Properly use health products
A producer’s ability to correctly use an animal health product determines the product’s ability to perform. Human error is often responsible for a product’s perceived failure.
Other than a veterinarian, labels are the best source of information regarding animal health products. All products print storage directions on the label. Storing products in a secure area keeps them clean and safe from breakage, and reduces exposure to animals and humans. Correct storage maintains a product’s ability to perform. Most vaccines require refrigeration. Many antibiotics do not require refrigeration, and doing so renders them unusable in a syringe and more painful to the animal.
Store products in the packaging supplied. Boxes keeps bottles clean and help labels stay in place. Keep all written instructions to refer to. The Food and Drug Administration expects you to be familiar with the entire label, which includes everything printed on the bottle, box and all inserts.
The label states handling instructions, including warnings. For example, when it comes to vaccinations, pregnancy status of the animal may matter. Follow indicated withdrawal times.
IM (intramuscular) products are to be given IM. SQ (subcutaneous) is the preferred beef-friendly method, but not all products are designed to be given SQ. Use the correct dose. Dose timing is critical. Appropriately timed vaccine boosters establish lasting immunity.
Reconstituted modified live vaccine must be used within one hour of mixing; killed vaccine should be disposed of by the 10th day after opening. To avoid inventory, calculate how many doses of a product are needed. Most labels warn to use entire contents when opened. All products have an expiration date; it’s not a suggested date — it is the date to which the manufacturer has proven efficacy, when stored correctly.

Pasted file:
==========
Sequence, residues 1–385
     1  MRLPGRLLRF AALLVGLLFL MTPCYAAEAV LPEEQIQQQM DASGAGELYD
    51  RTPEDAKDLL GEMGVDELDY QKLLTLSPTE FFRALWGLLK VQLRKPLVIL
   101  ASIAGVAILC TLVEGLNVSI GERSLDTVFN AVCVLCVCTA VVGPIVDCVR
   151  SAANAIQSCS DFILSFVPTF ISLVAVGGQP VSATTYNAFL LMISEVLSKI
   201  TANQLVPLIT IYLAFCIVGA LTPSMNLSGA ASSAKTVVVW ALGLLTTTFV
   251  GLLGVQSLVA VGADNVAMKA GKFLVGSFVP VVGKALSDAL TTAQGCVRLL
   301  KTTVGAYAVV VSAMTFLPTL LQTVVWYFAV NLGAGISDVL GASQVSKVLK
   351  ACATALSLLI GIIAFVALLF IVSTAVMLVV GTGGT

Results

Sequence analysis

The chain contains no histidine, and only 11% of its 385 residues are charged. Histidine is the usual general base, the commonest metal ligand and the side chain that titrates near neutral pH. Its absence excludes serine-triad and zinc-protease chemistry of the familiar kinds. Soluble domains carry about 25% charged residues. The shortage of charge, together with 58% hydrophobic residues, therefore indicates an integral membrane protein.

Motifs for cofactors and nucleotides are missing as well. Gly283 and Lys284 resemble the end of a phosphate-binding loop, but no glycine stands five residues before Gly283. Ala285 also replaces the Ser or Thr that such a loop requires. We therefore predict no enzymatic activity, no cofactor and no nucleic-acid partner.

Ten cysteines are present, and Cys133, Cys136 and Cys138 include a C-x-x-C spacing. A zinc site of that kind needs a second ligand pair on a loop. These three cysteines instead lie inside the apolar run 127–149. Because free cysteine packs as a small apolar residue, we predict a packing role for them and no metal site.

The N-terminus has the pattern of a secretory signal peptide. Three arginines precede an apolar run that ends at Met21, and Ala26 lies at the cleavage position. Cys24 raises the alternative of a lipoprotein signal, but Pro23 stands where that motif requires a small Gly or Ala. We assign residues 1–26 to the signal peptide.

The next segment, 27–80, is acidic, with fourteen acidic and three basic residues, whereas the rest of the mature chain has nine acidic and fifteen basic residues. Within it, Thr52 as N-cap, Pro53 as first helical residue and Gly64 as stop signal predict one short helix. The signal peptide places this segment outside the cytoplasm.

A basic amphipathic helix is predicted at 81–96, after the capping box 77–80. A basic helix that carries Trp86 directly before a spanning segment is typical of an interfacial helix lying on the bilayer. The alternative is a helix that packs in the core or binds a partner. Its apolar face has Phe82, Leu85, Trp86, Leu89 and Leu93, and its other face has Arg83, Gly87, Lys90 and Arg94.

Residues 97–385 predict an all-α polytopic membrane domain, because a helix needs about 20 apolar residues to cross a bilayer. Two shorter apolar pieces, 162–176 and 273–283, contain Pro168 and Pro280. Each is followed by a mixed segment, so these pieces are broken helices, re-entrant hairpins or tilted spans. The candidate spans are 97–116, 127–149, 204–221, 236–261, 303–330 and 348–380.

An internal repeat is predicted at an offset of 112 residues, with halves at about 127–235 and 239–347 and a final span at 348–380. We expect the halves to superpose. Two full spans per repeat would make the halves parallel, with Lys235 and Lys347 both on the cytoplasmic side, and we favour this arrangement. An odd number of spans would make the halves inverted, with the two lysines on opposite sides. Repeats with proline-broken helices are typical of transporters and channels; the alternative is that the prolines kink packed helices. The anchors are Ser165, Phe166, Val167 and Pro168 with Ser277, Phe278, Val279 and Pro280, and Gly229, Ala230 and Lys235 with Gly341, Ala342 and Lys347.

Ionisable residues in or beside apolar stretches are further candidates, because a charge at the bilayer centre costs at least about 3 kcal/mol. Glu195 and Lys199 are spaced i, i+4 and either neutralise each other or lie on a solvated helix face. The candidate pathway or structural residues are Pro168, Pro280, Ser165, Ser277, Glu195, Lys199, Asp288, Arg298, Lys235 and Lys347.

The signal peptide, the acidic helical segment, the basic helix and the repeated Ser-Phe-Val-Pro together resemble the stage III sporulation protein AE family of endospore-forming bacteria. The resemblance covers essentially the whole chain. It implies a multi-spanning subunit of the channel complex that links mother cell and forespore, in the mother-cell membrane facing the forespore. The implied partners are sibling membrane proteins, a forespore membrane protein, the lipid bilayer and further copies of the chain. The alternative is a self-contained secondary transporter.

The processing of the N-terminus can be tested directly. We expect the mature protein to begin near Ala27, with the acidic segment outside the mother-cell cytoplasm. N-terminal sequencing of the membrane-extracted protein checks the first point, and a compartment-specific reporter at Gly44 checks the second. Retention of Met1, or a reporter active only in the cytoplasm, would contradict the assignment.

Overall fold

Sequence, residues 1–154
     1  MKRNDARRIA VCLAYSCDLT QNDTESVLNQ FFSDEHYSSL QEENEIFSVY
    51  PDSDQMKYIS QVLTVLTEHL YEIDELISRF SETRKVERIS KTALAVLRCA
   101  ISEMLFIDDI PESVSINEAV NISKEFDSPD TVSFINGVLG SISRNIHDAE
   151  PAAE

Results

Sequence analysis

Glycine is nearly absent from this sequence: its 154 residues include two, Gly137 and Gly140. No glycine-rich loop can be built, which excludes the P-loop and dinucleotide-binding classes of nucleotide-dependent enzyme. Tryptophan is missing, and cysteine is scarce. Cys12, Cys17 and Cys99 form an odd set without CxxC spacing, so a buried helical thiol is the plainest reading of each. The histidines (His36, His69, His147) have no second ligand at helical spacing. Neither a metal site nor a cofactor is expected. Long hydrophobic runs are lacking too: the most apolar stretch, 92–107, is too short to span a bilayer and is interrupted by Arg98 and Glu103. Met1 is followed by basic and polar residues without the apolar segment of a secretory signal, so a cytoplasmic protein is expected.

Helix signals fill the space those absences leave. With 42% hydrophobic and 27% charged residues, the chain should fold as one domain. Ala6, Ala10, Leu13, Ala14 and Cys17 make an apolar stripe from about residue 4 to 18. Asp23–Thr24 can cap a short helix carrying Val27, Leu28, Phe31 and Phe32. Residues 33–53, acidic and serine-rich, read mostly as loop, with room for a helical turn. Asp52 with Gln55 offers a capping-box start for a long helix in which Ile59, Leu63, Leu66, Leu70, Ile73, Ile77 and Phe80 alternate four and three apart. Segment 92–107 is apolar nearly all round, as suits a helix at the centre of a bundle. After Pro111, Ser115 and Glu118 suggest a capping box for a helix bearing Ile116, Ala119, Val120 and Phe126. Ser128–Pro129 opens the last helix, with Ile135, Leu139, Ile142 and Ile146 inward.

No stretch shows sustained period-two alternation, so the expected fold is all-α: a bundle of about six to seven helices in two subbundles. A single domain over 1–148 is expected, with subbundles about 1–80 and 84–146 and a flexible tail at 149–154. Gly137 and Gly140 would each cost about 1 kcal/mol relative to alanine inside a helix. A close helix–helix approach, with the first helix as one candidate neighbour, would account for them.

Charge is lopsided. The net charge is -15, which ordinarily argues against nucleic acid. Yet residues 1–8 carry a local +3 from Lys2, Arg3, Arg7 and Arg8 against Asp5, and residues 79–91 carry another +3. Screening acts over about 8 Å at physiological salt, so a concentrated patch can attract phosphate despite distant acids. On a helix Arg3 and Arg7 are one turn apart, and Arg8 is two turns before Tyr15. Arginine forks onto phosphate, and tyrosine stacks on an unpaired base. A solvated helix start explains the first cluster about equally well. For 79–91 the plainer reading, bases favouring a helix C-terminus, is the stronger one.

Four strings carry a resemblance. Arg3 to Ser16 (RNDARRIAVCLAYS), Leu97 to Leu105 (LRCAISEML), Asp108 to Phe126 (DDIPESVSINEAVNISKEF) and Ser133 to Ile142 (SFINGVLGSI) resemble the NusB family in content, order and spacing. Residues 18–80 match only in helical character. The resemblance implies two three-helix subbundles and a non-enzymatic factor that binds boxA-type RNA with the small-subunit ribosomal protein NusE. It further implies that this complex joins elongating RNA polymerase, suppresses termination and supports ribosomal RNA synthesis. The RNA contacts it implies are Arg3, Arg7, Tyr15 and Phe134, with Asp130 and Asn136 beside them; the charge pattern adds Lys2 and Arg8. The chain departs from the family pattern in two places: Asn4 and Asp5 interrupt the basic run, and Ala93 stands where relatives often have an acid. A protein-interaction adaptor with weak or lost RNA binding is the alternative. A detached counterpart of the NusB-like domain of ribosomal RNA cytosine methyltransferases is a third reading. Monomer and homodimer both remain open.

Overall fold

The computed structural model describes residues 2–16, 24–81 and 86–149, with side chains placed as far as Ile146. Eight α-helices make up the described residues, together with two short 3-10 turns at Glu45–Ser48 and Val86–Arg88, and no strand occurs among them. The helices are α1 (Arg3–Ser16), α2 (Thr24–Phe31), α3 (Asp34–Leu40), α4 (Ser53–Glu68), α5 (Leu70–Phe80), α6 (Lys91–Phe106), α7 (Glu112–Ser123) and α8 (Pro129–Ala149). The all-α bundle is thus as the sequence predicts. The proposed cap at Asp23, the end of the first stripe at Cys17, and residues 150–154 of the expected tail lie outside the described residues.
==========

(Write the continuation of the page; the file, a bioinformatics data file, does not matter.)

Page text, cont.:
To avoid contamination, use transfer needles to reconstitute vaccines, and don’t put injecting needles back into any product’s bottle. Do not mix multiple products within one syringe.
Some antibiotics and most vaccines should be stored in the dark, and stored and used under refrigeration from 35 to 45 degrees F. Storing vaccines at less than 35 degrees F is more detrimental than greater than 45 degrees F because often the antigen will separate from the adjuvant.
Keep products that require refrigeration cold after purchase by transporting in a cooler with an ice pack. When receiving mail orders, product must arrive cold on an unthawed ice pack. Maintain shade and stable temperature while using products by using a cooler with an ice pack in the summer; without an ice pack is fine in the winter.
A project by the University of Arkansas Cooperative Extension Service in 2008 studied 191 refrigerators used by producers, retail stores and vet clinics. Data loggers were used to record temperatures at 10-minute intervals over 48 hours. Of 191 refrigerators tested, 76% were unacceptable for storing animal health products because temperature was not consistently maintained between 35 and 45 degrees F.
Refrigerator type or age was not critical in performance. Refrigerator location did matter. Those in barns were often coldest, and those located in temperature-controlled environments performed better. Refrigerator performance depends on maintenance. Dusty coils, clogged drain tubes, frost buildup and poor gasket condition cause refrigerators to work improperly. Full refrigerators perform better, but not packed too full; air movement around items is necessary for even chilling.
Stuttgen, DVM, is the Taylor County Extension agriculture educator.
This article published in the March, 2010 edition of WISCONSIN AGRICULTURIST.